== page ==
In recent years, many Russian opposition activists have found refuge in Lithuania. Most of them represent the liberal political flank, but a few do not fit into this category. Mikhail Pulin, a former member of the banned National Bolshevik Party (NBP), is one of them.
Mikhail comes from a remote village in the Kostroma region. He managed to enter Lithuania during the coronavirus pandemic, despite the closed border.
Mikhail became interested in politics in 2004, at the age of 15, he told the LRT PLIUS show Russian Street. From an early age, Mikhail has observed poverty and political disorder in his native country that made him acutely aware of injustice.
“The Kostroma region is one of the poorest parts of the Russian Federation,” he said. “I saw how people lived there, how everything was falling apart, what poverty looked like in the country. I saw the lawlessness of the security forces that pressured businesses and beat people.”
“Naturally, I did not like such an order in the country. This prompted me to engage in political activism.”
A teenage boy with a strong sense of justice searched for a group of like-minded people unafraid to stand up to government officials. Eventually, he joined the National Bolshevik Party (NBP) founded by the writer Eduard Limonov. The membership mostly consisted of youths with often radical views.
According to Mikhail, a subcultural component played an important role in luring youth to join the NBP. At the time, Russian teenagers were listening to Yegor Letov and other musicians who were related to NBP. They all represented a culture that the government of President Vladimir Putin tried to suppress.
“But politics for me was not just an informal counterculture. I hoped for a real change in the country,” Mikhail added.
At first, Mikhail’s activities in the ranks of the party were limited to drawing graffiti on building walls and handing out leaflets. But the NBP was notorious in Russia for its bold direct action that sent many participants to prison.
In 2006, Mikhail moved to Moscow to study at a university. In the capital, he participated in his first direct action where NBP members seized the Russian Railway building.
“A strike began at Moscow Railway because workers had not been paid for a long time. They formed an independent trade union. The security forces and railway management began pressuring and threatening the union members. So we decided to seize the main building of Moscow Railway,” Mikhail explained.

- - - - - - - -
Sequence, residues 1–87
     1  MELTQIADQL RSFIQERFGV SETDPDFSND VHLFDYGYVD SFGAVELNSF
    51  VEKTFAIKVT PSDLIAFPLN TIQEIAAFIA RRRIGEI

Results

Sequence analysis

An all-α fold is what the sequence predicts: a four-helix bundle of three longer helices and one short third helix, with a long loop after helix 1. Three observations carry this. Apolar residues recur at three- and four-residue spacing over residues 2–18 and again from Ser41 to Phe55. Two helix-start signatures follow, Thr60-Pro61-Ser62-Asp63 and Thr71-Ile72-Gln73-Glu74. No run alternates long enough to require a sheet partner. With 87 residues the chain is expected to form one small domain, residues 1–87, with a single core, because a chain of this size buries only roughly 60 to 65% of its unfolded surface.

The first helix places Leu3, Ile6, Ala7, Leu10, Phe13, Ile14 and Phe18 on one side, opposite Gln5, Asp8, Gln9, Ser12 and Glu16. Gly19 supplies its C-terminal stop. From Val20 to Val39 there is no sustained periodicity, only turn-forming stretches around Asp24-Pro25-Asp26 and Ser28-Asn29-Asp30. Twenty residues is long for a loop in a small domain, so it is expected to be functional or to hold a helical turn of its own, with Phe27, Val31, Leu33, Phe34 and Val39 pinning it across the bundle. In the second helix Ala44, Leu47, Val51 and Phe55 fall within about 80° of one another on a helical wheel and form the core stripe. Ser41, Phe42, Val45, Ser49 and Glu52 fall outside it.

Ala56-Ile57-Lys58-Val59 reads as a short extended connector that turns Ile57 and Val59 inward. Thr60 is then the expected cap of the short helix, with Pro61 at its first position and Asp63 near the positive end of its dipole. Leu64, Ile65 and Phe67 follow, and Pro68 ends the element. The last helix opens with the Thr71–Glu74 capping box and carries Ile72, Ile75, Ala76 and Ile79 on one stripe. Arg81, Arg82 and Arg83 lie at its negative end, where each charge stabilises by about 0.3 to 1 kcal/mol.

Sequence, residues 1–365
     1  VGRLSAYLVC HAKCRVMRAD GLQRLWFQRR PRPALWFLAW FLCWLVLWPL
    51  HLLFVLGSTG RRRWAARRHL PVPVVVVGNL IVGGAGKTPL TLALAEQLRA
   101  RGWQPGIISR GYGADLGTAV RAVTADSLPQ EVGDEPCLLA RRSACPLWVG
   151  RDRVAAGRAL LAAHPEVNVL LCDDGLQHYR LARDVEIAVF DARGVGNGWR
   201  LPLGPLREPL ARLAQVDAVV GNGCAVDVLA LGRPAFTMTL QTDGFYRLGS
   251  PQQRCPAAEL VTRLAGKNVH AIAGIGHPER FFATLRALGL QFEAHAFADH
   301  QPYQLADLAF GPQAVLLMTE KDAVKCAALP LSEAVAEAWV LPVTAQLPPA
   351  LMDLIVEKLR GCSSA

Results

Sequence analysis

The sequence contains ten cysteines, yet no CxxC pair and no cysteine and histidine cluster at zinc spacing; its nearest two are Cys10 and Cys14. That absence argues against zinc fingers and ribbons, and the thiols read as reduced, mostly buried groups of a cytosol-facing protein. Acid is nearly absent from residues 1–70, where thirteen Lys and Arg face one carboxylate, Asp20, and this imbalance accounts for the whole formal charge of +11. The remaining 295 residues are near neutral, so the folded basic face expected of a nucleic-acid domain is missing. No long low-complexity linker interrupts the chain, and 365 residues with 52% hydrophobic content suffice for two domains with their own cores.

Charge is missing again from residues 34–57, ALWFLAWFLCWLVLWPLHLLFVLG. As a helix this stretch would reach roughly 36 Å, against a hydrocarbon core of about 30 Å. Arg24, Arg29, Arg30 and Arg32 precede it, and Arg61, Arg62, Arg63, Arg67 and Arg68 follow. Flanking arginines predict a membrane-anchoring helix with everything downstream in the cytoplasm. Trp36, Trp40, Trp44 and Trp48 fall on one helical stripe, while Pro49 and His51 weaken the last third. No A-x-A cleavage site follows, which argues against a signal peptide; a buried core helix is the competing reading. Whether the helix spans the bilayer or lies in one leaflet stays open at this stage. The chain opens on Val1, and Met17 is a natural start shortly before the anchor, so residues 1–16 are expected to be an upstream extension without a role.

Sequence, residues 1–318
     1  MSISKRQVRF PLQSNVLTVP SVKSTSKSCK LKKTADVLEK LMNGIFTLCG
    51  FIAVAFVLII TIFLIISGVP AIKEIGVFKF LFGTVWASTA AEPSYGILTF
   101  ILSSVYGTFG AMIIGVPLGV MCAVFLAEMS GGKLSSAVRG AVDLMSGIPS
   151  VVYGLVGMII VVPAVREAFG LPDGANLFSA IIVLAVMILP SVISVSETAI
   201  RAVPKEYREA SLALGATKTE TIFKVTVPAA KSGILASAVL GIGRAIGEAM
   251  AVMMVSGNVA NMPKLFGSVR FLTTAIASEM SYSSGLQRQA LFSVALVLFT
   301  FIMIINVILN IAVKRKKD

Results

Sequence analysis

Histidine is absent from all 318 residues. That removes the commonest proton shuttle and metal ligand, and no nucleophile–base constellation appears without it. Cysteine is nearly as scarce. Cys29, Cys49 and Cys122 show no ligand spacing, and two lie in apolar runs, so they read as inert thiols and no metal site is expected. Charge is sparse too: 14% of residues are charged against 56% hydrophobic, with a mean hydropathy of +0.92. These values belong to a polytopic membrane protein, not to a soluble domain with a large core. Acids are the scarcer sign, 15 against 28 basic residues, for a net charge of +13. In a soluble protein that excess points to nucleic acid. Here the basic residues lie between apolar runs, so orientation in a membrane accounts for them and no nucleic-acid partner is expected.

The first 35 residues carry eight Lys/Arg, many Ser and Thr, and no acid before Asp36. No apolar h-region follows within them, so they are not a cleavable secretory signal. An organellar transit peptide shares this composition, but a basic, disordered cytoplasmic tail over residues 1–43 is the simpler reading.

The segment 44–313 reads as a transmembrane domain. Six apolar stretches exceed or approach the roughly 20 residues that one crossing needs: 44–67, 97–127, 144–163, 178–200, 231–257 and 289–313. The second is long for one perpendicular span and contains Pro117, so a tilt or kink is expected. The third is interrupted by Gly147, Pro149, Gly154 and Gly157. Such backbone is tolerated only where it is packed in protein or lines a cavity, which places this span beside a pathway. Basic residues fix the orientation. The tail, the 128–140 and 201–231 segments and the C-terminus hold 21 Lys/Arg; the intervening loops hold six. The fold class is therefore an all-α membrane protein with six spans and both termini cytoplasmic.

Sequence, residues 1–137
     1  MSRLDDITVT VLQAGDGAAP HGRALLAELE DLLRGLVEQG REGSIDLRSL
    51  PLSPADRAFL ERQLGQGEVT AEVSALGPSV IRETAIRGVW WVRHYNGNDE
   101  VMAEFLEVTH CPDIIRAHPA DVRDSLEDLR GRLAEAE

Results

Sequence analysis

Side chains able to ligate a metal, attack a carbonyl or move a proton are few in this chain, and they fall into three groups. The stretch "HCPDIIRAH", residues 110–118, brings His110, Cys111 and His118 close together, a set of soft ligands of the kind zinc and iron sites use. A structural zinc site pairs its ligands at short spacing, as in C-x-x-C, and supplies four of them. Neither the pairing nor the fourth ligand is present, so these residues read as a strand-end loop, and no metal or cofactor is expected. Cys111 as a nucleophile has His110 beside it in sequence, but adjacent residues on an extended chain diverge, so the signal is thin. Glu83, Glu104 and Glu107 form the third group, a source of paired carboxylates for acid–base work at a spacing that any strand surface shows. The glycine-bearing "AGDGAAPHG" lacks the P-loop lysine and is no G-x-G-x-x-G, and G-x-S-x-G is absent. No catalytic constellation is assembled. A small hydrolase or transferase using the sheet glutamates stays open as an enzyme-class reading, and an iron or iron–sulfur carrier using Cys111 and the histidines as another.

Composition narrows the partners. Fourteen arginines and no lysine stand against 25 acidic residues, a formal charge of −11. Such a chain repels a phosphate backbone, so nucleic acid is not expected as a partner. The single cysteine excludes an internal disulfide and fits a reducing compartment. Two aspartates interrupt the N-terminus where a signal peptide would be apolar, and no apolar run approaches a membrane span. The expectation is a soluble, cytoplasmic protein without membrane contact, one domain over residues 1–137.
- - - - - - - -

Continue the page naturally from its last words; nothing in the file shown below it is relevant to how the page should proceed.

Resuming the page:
NBP members successfully occupied one of the offices in the building and hung banners in support of the railway workers. But the riot police quickly moved to suppress the demonstration.
“After the action, we all spent 15 days in prison,” Mikhail said.
At that time, he managed to avoid a criminal record. But in 2009, he was sentenced to three years and four months in prison “all because of a banal provocation”, according to Mikhail.
In 2008, opposition marches periodically errupted all around Russia. During one of these marches, Mikhail said, “hooligans” attacked NBP and other activists.
“We fought them, and this was a reason for the criminal case,” the man explained.
The prison did not break Mikhail’s spirit. But while serving time, he started seeing a difference between Limonov’s ideologies and his own beliefs.
“Probably from the year 2009 onwards, I no longer liked that the party was turning into a caricature of itself, similar to the Communist Party, with Limonov and his opinions at the core of everything,” Mikhail said.
“But the culminating point was the events in 2014 when Russia annexed the Crimean and the war began in Donbass. I have always been against wars with Eastern European countries and fraternal peoples. […] I considered this a betrayal of the ideas for which I came to fight a long time ago,” he added.
The party has been operating under the name the Other Russia since the NBP was banned in 2010. Members of the Other Russia formed armed troops brigades and participated in pro-Russian unrest in Donbass. The organisation expelled Mikhail and several other people who did not agree with the party’s line on Ukraine.
Along with his political activism, Mikhail also engaged in a small construction business. In May 2020, a criminal case was opened against the firm with him as a witness. There is only one step from a witness to a suspect in Russia, Mikhail said, so he decided to leave the country.
As the Russian-Lithuanian border closed due to the coronavirus pandemic, Mikhail had to find ways to get to the country. He travelled across the forests in Belarus and reached the Lithuanian border at night using a compass and a map.
“Of course, it was scary,” the man said. “The border guards stood 200 metres from me. I knew that if they arrested me, I would end up in a Belarusian prison for illegally crossing the border and they would extradite me to Russia.”
But the guards did not capture Mikhail. He asked for asylum in Lithuania and is now awaiting a decision from the Migration Department. Meanwhile, he lives in a refugee centre in Pabradė, eastern Lithuania.
Mikhail is now studying Lithuanian. If he is granted the refugee status, he plans to bring his spouse and their small child to Lithuania. However, he is aware that his past in the NBP could be an obstacle in the case.
“I am not Limonov. If a person is a member of an organisation, this does not mean that he fully supports everything that the leader says. I think competent people will look at what actions I participated in, what I did, what I wrote online […] and will make their decision,” he said.
“Still, I am a guest in the country, and no one here owes me anything. It is nice that at least for now, they have sheltered me,” Mikhail added.
Read more: Russian ‘nationalist’ activist fails to secure asylum in Lithuania